Parable 4: Spiritual Leaven

  The kingdom of heaven is like unto leaven, which a woman took, and hid in three measures of meal, till the whole was leavened. (Matt 13:33)

The Science of Christ leavens science, theology, and medicine through the culture of divine Love. "Ye shall know the truth [understand Truth], and the truth shall make you free" (John 8:32).

Parable 5: Hidden Treasure

  The kingdom of heaven is like unto treasure hid in a field; the which when a man hath found, he hideth, and for joy thereof goeth and selleth all that he hath, and buyeth that field. (Matt 13:44)

Christ consciousness appears to be hidden and subtle, but discovering its presence and cherishing it with absolute dedication reveals divine Mind to be the only treasure. "Thou anointest my head with oil; my cup runneth over" (Ps 23:5).

Parable 6: The Pearl of Great Price

  The kingdom of heaven is like unto a merchant man, seeking goodly pearls: Who, when he had found one pearl of great price, went and sold all that he had, and bought it. (Matt 13:45-46)

Although Christ is ever-present, Christliness is not a gift; it must be bought at a great price. Jesus knew its value, paid dearly for it, and confirmed the kingdom of heaven on earth. Rejoice, for the Science of Christ has been found! When the ego is stilled and all temptation is turned aside, the same pearl will appear as our experience.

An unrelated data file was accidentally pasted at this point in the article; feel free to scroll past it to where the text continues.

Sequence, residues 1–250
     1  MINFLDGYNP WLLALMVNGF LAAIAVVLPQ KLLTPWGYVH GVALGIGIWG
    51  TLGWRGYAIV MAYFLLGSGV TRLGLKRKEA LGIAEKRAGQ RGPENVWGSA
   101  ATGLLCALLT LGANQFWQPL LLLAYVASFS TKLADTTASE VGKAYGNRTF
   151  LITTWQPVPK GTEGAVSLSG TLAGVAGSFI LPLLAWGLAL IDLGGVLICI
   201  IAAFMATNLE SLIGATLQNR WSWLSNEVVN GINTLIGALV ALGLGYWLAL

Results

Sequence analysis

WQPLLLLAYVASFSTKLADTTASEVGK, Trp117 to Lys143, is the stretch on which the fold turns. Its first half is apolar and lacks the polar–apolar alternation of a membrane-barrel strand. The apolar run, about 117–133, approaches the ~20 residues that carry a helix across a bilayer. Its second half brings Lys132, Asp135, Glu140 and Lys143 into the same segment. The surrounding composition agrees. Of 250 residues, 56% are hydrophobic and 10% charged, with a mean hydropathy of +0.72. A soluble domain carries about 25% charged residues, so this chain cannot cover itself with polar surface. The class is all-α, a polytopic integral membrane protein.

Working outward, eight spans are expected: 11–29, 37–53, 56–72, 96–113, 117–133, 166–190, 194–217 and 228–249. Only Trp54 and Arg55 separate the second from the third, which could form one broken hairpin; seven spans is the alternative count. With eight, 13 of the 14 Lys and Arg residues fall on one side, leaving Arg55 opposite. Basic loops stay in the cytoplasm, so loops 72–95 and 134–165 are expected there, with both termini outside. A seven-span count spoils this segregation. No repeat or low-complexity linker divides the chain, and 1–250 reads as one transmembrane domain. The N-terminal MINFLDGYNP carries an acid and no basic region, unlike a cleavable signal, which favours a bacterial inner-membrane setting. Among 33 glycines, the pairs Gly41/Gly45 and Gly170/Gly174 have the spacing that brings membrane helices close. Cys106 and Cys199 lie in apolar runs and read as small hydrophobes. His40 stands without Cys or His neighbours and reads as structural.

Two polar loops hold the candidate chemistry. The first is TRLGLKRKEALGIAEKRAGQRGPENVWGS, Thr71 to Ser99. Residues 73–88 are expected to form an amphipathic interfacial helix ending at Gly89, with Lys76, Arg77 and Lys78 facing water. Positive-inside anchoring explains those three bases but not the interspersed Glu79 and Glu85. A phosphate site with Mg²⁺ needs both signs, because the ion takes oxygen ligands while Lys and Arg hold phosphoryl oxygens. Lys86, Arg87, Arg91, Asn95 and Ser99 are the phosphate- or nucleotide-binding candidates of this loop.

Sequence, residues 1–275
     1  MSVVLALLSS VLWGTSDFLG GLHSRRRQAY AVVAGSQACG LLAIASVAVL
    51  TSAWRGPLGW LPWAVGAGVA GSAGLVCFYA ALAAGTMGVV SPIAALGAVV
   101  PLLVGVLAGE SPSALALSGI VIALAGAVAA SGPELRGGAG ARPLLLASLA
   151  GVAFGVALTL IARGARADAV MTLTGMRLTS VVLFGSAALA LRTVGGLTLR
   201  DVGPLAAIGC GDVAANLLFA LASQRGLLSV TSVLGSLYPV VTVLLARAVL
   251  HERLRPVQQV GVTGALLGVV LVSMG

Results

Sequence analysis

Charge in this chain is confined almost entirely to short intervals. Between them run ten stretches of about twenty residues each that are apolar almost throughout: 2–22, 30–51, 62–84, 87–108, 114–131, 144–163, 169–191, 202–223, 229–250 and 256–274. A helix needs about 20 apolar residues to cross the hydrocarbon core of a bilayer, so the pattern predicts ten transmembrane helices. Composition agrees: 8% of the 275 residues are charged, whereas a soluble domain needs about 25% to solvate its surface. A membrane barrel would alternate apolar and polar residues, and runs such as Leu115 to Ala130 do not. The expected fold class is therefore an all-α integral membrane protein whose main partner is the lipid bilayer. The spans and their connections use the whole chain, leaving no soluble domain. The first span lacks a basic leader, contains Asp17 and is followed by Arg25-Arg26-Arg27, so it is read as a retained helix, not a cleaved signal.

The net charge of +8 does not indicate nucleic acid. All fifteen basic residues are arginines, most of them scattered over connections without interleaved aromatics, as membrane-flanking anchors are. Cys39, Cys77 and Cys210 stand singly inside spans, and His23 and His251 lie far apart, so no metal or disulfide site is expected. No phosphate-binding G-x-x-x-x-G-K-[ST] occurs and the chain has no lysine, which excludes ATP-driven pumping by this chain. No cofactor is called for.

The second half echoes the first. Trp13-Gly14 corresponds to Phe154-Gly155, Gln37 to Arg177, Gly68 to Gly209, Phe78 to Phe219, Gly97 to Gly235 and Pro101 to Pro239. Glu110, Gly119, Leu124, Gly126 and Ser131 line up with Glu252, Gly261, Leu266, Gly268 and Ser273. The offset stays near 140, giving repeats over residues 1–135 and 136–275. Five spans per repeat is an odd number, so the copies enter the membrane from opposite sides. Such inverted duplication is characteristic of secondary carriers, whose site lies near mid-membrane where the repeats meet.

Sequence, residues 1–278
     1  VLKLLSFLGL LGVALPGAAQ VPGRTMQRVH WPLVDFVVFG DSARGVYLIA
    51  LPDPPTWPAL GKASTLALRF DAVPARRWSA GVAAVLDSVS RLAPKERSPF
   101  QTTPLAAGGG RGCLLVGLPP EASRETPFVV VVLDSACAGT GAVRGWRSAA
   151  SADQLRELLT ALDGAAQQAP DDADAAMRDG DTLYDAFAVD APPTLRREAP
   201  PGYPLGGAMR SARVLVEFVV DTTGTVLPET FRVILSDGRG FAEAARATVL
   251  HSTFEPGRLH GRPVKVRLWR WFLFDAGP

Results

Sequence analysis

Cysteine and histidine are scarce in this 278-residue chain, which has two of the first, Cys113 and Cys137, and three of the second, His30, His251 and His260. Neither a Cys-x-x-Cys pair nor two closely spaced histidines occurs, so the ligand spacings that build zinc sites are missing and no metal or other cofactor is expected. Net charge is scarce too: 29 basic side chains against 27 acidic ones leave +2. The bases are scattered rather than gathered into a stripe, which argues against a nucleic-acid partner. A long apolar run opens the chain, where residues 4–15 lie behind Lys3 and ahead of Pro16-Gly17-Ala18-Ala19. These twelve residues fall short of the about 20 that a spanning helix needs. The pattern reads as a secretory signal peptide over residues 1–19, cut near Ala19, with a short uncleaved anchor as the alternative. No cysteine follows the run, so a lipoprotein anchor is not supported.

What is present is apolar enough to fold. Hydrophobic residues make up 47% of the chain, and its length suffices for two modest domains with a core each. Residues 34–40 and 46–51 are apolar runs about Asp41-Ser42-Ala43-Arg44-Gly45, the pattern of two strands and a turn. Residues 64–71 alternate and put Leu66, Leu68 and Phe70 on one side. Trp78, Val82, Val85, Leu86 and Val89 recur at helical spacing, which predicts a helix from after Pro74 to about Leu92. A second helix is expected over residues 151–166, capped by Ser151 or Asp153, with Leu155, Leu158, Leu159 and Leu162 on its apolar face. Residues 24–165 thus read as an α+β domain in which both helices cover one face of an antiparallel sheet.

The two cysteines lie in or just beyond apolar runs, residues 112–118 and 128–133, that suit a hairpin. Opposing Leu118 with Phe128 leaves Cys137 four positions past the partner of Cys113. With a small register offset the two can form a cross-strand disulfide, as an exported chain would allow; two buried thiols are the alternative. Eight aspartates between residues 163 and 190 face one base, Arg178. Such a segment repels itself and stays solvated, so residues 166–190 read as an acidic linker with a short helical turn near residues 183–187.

Parable 7: Separating the Real from the Unreal

  The kingdom of heaven is like unto a net, that was cast into the sea, and gathered of every kind: Which, when it was full, they drew to shore, and sat down, and gathered the good into vessels, but cast the bad away. So shall it be at the end of the world: the angels shall come forth, and sever the wicked from among the just, And shall cast them into the furnace of fire: there shall be wailing and gnashing of teeth. (Matt 13:47-50)

Conscience will not leave us in the sea of good and evil forever. Christ will gather us out of this foul conspiracy, and every thought will be examined for its shamefulness or purity. "Can any hide himself in secret places that I shall not see him? saith the Lord" (Jer 23:24). "On one side there will be discord and dismay; on the other side there will be Science and peace. The breaking up of material beliefs may seem to be famine and pestilence, want and woe, sin, sickness, and death, which assume new phases until their nothingness appears" (SH 96:13). As earth consciousness is erased, we will be forced to admit that "Spirit and its formations are the only realities of being" (SH 264:20).

The First Commandment acknowledges one Principle, and that Principle is self-verified by its own infinite idea and object. When all selfish sense of me is dissolved, I verify God's present state of existence as Me (God's object).

George Denninger ©